As she wrapped up the first semester of her European Business Administration studies, first year EBA student Laura Hämäläinen wrote:
Congratulations fellow business students, we made it! We survived the first semester of our studies, give yourselves a pat on the back. Hopefully, everyone found a way to unwind from school during the well-deserved break and are returning to campus with fully charged batteries.
Before I headed off on my Christmas holiday, I sat down with Jawid Danish, a fellow student from EBA, to have a chat about what drove us to study business, what has been the easiest and the hardest things during the first semester, and how to handle and balance out the stress from assignments, deadlines, and exams.
Entering the field of business
Asking Jawid how he ended up in Metropolia to study business he notes that it was actually not his first choice: “My first choice was to study political science because I’m interested in social sciences and politics. Finland doesn’t offer the option of studying political science in English and I want to do my master’s degree in international relations so studying business would be the best option for me to be able to do my master’s in something that I want.”
To be fair, studying business was not my first choice either, the reason being that I didn’t really have a first choice for not knowing what I want to do in the future. Once I got to know my co-students, I noticed that I am not alone when it comes to a little hesitation and weighing the choices made. Luckily one doesn’t have to know such things in today’s world and studying business is an excellent choice because it gives you a wide variety of options for what to do and where to work in the future.
Jawid seems to be on board with me on this: “I am still thinking: Is this the right choice I made? But I also know that business is a study of social science, it shows how the whole world works instead of focusing on just specific things if you would be studying mathematics for example. Studying business gives you a lot of flexibility and opens so many doors for you compared to a lot of other fields.”
The best, the worst, and the balance
Remembering back to the orientation days in the first week of the semester when we were shown our curricula for the very first time, I recall one lecturer saying that you will be stressed going towards the end of the semester. That lecturer was not wrong. In my opinion, these couple of months have gone by very fast and I believed that everyone shared the same feeling of stress from assignment deadlines and exams that seemed to appear suddenly.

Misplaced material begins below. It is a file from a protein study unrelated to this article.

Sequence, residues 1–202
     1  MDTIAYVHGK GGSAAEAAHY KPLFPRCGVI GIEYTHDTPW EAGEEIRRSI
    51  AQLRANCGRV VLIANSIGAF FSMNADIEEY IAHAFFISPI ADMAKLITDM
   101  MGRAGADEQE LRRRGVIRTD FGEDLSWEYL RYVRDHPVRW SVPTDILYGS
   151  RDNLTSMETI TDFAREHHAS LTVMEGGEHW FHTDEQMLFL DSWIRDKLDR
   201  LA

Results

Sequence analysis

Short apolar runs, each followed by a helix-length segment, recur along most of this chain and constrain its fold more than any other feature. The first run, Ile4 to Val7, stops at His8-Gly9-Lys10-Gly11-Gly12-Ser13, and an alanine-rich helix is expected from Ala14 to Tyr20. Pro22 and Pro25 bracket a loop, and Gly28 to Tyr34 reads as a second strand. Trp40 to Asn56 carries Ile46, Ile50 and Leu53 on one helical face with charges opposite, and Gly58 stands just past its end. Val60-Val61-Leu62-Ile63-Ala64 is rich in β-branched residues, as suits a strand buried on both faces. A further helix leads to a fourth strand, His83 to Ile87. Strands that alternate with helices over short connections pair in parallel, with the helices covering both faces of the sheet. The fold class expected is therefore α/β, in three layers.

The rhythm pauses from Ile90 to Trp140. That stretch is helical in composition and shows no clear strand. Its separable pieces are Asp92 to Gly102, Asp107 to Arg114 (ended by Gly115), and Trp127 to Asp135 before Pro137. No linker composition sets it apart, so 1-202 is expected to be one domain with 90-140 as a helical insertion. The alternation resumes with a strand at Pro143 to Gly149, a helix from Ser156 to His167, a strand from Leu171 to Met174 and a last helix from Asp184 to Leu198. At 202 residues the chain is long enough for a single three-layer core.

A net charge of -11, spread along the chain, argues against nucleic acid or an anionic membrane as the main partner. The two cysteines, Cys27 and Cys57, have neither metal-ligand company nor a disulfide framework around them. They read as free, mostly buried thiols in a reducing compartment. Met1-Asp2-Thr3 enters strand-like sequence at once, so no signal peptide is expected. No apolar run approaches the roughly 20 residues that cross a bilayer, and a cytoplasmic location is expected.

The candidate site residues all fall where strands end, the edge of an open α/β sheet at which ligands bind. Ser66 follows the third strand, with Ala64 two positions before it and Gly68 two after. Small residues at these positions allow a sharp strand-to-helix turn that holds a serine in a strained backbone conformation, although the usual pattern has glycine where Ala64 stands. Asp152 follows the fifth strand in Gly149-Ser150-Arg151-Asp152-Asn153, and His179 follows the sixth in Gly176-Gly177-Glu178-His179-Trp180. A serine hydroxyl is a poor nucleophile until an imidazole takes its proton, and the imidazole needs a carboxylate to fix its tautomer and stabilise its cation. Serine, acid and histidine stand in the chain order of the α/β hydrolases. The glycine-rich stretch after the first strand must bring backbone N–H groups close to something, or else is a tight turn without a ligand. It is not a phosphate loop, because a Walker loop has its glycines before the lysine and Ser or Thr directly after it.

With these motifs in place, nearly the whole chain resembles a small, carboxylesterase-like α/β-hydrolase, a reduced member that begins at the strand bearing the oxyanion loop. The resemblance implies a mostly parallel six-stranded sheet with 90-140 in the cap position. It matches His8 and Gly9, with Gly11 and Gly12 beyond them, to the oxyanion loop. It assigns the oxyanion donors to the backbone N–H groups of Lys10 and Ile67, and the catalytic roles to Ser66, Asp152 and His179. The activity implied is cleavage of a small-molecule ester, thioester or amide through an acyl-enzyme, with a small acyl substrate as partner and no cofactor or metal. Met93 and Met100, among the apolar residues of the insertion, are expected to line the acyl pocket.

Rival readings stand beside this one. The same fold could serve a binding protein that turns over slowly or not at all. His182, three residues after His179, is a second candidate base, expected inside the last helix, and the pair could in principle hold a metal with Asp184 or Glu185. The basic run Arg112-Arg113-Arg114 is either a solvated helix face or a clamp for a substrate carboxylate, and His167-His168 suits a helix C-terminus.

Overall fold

Asking Jawid about how it felt for him he asks: “What stress? I don’t stress. I wake up in the morning and the first thing I do is schedule my day. If I don’t write it down I have it in my brain organized.” He mentions that when you have organized your days and included the time to study in them, you prevent any stress from appearing. Wow, I definitely need to learn this. But in my opinion, it is very important to have something to balance out school and work. Luckily, we have a lot of options for that provided by different student organizations for example.
We move on to share what both of us think have been the best parts of our studies so far. For Jawid it has been the new friendships and networking, not only in his own study group but from all over the school, and I agree. He mentions that the best part of studying in Metropolia is the level of internationalization and getting to know people from all around the world. In the field of international business, you must be familiar with different cultures and when you are able to familiarize yourself with those different cultures during your studies is a major advantage.
For the unpleasant parts of our studies so far neither one of us can come up with much and we end up discussing motivation. Jawid mentions the massive impact a lecturer has on students’ motivation towards studies. The unavailability and overall distant nature of a lecturer demotivate you in a way that it is hard to push yourself forward. I agree with this. Although we as students are responsible for our studies, in the end, the school organization and its lecturers are the ones providing us with the tools for education and learning.
To wrap up the conversation I ask Jawid if he has any advice or tips for future first-year business students, and he says: “Come to school with chin up and full confidence. Coming into a new environment can be very stressful, and having confidence helps with everything.”